Conditional Rendering in React

Conditionally rendering content is a pretty common pattern in React components.

class MyComponent extends Component {
  render() {
    const { user } = this.props;
    return (
      <div>
        {user && <h1>{user.name}</h1>}
        {/* other content */}
      </div>
    );
  }
}

This can quickly get messy when you introduce multiple parmeters or large conditional content blocks

render() {
  const { user, profile, otherData } = this.props;
  const shouldDisplayProfile = user && profile && otherData;
  return (
    <div>
      {shouldDisplayProfile &&
        <div>





        </div>
      }
      {/* other content */}
    </div>
  );
}

And don’t even mention ternary operators. Nothing better than scrolling through a component and finding : null} with no context 👀

Wrapping Dependent Content

In React, our unit of reuse is usually a component so can we move this behaviour into a component?

const example = (
  <OnlyIf all={{ user, profile, otherData }}>
    only render this content if all of user, profile & otherData are defined
  </OnlyIf>
);

It turns out that this is actually a pretty simple component:

  1. determine if the all prop values are truthy
  2. only render the children if they are
interface OnlyIfProps<T> {
  all: T;
}

class OnlyIf<T> extends PureComponent<OnlyIfProps<T>> {
  render() {
    const { all, children } = this.props;

    let allValuesSpecified = true;
    Object.keys(all).forEach(
      key => (allValuesSpecified = allValuesSpecified && !!all[key])
    );

    return allValuesSpecified ? children : null;
  }
}

Lazy Rendering Content

The “ component above may be useful but there is an important scenario that is not covered: children attempting to use undefined values.

const example = (
  <OnlyIf all={{ user }}>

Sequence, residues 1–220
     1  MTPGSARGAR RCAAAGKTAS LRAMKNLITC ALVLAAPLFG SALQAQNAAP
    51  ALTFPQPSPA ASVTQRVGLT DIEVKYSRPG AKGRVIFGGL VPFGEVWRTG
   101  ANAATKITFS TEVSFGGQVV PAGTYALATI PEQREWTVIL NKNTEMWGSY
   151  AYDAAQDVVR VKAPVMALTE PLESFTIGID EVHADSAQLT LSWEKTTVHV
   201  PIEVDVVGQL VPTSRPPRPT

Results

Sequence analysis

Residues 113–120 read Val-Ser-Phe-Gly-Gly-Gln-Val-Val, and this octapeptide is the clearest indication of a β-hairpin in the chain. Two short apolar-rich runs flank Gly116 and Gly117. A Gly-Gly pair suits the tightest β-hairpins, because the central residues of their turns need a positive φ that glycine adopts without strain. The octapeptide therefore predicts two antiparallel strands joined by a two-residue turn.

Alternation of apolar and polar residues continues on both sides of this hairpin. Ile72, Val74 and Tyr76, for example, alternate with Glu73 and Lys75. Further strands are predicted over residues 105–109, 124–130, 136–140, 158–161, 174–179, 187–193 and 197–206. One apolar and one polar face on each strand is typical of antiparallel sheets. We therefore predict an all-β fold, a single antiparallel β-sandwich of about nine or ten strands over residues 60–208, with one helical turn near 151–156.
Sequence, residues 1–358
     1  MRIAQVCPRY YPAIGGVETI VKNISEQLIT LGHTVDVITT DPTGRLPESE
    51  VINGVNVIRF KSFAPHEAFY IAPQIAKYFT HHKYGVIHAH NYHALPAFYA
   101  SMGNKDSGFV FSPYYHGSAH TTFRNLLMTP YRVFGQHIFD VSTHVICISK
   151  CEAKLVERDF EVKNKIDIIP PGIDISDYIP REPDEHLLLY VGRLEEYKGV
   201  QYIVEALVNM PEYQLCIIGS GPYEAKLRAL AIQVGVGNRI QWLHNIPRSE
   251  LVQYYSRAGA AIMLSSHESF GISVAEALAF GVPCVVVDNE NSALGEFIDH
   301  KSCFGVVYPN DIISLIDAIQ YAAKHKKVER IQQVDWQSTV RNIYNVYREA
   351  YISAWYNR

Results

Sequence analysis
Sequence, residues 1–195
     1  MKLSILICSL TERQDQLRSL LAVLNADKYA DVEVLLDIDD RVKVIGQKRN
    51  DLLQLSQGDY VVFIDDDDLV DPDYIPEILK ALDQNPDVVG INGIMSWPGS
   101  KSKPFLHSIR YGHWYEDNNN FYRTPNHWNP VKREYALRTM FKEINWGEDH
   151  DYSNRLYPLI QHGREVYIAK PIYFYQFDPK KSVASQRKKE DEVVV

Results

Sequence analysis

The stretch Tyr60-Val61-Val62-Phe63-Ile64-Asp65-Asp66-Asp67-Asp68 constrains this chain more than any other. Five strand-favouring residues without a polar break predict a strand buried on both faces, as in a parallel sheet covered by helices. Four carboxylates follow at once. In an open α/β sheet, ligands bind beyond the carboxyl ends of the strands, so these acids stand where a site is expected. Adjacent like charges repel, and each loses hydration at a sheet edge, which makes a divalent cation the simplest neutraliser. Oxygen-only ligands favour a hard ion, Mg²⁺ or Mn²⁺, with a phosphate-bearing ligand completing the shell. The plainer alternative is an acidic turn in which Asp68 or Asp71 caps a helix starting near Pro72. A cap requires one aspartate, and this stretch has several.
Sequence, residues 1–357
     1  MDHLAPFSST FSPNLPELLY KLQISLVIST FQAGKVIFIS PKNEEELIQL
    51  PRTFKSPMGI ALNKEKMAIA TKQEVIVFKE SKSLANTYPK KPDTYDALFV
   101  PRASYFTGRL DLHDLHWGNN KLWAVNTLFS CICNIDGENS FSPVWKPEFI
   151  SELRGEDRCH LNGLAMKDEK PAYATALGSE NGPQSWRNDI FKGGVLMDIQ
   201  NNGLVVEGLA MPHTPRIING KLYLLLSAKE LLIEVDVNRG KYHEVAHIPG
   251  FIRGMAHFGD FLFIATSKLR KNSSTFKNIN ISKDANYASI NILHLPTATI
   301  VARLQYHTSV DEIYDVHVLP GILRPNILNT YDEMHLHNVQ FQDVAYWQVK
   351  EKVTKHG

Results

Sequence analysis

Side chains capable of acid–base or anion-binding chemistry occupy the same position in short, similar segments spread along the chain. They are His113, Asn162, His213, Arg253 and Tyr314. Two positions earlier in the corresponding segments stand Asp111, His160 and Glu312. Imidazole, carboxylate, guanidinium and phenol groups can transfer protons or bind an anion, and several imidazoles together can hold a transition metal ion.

<h1>{user.name}</h1> {/* <-- this will throw if user is undefined */}
  </OnlyIf>
);

In this case we shouldn’t even attempt to render the children if user is undefined. We cannot prevent it when we use the structure above but if we switch to a render props pattern then we can control when children are rendererd:

const example = (
  <OnlyIf all={{ user }}>{values => <h1>{values.user.name}</h1>}</OnlyIf>
);

We can update our component to support both scenarios by…

  1. accepting either ReactNode (the default) or (values: T) =&gt; ReactNode as our children
  2. identifying the function in render and invoking it
interface OnlyIfProps<T> {
  all: T;
  children: ReactNode | ((values: T) => ReactNode);
}

class OnlyIf<T> extends PureComponent<OnlyIfProps<T>> {
  render() {
    const { all, children } = this.props;

    let allValuesSpecified = true;
    Object.keys(all).forEach(
      key => (allValuesSpecified = allValuesSpecified && !!all[key])
    );

    if (!allValuesSpecified) return null;

    return typeof children === 'function' ? children(all) : children;
  }
}

Now we can accept either a render function or a component as the situation demands!

Is this a good idea?

So we absolutely can create “ but is it useful?

On the negative side, it is an unfamiliar component that may have unexpected effects for new developers.

On the other hand, it’s fairly self explanatory and is an improvement in general readability in my opinion.

Overall I think it’s a nice addition. It certainly beats the hell out of a 20 line ternary expression!

Advertisements

Leave a Reply

Fill in your details below or click an icon to log in:

WordPress.com Logo

You are commenting using your WordPress.com account. Log Out /  Change )

Google+ photo

You are commenting using your Google+ account. Log Out /  Change )

Twitter picture

You are commenting using your Twitter account. Log Out /  Change )

Facebook photo

You are commenting using your Facebook account. Log Out /  Change )

Connecting to %s